Previously, we only got a little glimpse of Pennywise from the new film adaptation of Stephen King’s novel It. He was definitely scary, but let’s be honest, Tim Curry’s character is pretty hard to top.
We admit we’re a little nervous for Bill Skarsgård’s version of the deranged clown. He’s much, much younger than Curry, which puts a whole new spin on the character, but it turns out that Skarsgård is plenty terrifying in his own right.
Entertainment Weekly has revealed the full, brand new Pennywise costume, and it’s pretty darn freaky. Skarsgård definitely looks like he crawled out of a sewer and lacks personal hygiene. His costume has a doll-like quality and makes the clown look almost like a cracked, forgotten porcelain doll.
For comparison, here’s Curry’s original costume.
Unlike Curry’s Pennywise, the formfitting costume exaggerates Skarsgård’s lankiness and gives him a super natural, paranormal-like aesthetic. He’s ghostly and other-worldly, which fits with the fact that he’s an ageless, supernatural beast who feeds on the fears of children. Curry’s character looked much more of this Earth — a deranged, middle-aged man who happened to wear a freaky costume (until he opened his mouth and had all those freaky teeth). For Skarsgård, this costume is almost as natural as skin. It’s interesting to see if this look will make viewers even less sympathetic towards Pennywise. He is less of a man and more of a violent, terrifying monster.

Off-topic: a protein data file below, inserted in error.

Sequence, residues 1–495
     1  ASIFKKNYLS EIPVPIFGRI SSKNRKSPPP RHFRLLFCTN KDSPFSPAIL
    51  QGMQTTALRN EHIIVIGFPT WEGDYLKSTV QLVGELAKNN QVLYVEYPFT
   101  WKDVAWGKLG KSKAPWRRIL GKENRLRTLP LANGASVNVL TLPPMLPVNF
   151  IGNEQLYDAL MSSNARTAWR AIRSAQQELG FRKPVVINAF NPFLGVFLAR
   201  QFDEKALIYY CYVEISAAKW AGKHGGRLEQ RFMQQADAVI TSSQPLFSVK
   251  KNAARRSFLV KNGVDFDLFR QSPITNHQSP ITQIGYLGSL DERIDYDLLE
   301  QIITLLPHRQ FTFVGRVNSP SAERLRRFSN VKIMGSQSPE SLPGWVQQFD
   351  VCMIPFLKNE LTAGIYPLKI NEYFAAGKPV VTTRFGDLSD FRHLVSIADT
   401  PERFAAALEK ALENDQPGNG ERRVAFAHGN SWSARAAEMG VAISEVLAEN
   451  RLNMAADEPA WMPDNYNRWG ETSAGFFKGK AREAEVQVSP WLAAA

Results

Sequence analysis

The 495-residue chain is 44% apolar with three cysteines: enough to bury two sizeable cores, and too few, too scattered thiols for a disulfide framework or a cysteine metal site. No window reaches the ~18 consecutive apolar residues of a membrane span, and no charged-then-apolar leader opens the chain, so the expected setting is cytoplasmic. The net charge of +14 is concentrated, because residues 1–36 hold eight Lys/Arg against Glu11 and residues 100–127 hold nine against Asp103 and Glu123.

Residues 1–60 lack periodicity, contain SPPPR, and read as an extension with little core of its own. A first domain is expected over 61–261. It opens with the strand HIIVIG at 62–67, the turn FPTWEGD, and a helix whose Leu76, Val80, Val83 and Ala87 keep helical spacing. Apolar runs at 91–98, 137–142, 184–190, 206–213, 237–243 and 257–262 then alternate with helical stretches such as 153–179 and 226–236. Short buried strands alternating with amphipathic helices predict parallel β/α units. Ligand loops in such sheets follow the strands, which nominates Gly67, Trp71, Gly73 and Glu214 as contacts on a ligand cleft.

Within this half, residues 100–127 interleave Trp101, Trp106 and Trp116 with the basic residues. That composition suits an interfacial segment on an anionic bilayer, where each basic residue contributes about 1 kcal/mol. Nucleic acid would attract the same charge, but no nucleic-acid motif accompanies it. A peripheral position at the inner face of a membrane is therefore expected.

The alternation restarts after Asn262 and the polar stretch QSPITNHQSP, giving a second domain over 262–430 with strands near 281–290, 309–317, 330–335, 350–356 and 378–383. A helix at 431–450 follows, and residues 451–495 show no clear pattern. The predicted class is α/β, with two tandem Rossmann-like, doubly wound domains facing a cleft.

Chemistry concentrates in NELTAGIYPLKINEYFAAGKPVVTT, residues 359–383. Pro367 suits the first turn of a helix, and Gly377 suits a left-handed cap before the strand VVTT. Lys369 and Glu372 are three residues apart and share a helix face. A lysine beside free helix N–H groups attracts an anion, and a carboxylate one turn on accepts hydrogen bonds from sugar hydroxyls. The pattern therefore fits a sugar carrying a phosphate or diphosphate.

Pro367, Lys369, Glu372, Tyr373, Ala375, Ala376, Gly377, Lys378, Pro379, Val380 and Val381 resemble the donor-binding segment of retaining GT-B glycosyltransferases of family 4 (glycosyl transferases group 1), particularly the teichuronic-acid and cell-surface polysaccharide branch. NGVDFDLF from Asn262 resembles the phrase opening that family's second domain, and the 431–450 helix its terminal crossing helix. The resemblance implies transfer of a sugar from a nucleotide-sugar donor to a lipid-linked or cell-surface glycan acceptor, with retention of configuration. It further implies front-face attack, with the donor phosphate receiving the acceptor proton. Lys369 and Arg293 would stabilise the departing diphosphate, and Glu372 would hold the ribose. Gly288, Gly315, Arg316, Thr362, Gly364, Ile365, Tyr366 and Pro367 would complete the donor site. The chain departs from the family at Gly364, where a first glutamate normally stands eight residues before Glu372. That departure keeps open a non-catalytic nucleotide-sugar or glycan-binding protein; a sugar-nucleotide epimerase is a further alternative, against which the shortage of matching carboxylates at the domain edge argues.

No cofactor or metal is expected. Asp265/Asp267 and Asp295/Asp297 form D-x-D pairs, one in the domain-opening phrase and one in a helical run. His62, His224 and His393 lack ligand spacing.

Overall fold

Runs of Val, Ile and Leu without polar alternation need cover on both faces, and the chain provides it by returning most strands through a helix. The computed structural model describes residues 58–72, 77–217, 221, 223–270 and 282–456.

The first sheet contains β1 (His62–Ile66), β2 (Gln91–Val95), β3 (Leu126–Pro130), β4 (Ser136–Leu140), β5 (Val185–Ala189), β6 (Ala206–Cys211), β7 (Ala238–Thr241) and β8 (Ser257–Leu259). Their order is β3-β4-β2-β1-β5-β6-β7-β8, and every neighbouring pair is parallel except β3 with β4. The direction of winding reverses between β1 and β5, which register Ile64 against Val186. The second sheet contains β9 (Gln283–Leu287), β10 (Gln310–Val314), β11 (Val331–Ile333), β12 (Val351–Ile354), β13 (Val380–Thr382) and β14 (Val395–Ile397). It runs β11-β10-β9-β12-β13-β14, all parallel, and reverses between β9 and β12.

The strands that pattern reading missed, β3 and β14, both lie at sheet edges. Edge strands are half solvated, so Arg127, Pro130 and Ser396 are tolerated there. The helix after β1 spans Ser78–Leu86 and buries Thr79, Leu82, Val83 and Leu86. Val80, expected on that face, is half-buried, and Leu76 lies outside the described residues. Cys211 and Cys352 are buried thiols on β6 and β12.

Janie Bryant, the Emmy-winning costume designer behind Pennywise’s new look, drew from a variety of eras to create the clown’s costume. It’s inspired by the Medieval, Renaissance, Elizabethan, and Victorian eras instilling the idea that the evil inside of Pennywise is older than anyone could even imagine.
“The costume definitely incorporates all these otherworldly past lives, if you will,” Bryant says. “He is definitely a clown from a different time.”
“There is almost a doll-like quality to the costume,” she continues. “The pants being short, the high waistline of the jacket, and the fit of the costume is a very important element. It gives the character a child-like quality.”
Pennywise doesn’t particularly follow a single era. While things like the pleating around the neck may be inspired by Elizabethan times, it’s not actually true to the era. This is because the costume is what this ageless, evil creature thinks a clown should look like. It’s possible he was even inspired by a toy he saw with one of the children he tormented — a clown-like doll or something of the sort.
“If you look at the sleeves, there are the two puffs off the shoulder and biceps and again on the bloomers,” Bryant says mentioning the intent behind the clown’s creepy silhouette. “I wanted it to have an organic, gourd or pumpkin kind of effect. That includes the peplum at his waist, the flared, skirt-like fabric blossoming from below his doublet. It helps exaggerate certain parts of the body. The costume is very nipped in the waist and with the peplum and bloomers it has an expansive silhouette.”
The outfit is a bit different from Curry’s oversized, colorful getup. It’s mostly grey with a pop of color.
“The pompoms are orange, and then with the trim around the cuffs and the ankles, it’s basically a ball fringe that’s a combination of orange, red, and cinnamon. It’s almost like Pennywise fades into his environment. But there are accents to pull out the definition of the gray silk,” she says. “It makes him almost like a shadow.”
The new version of Pennywise is much more suited towards creeping around and hiding as a ghost-like entity than Curry’s version which used balloons and bright colors to lure children in.
What do you think of the new Pennywise? Could this costume prove to be scarier than the original?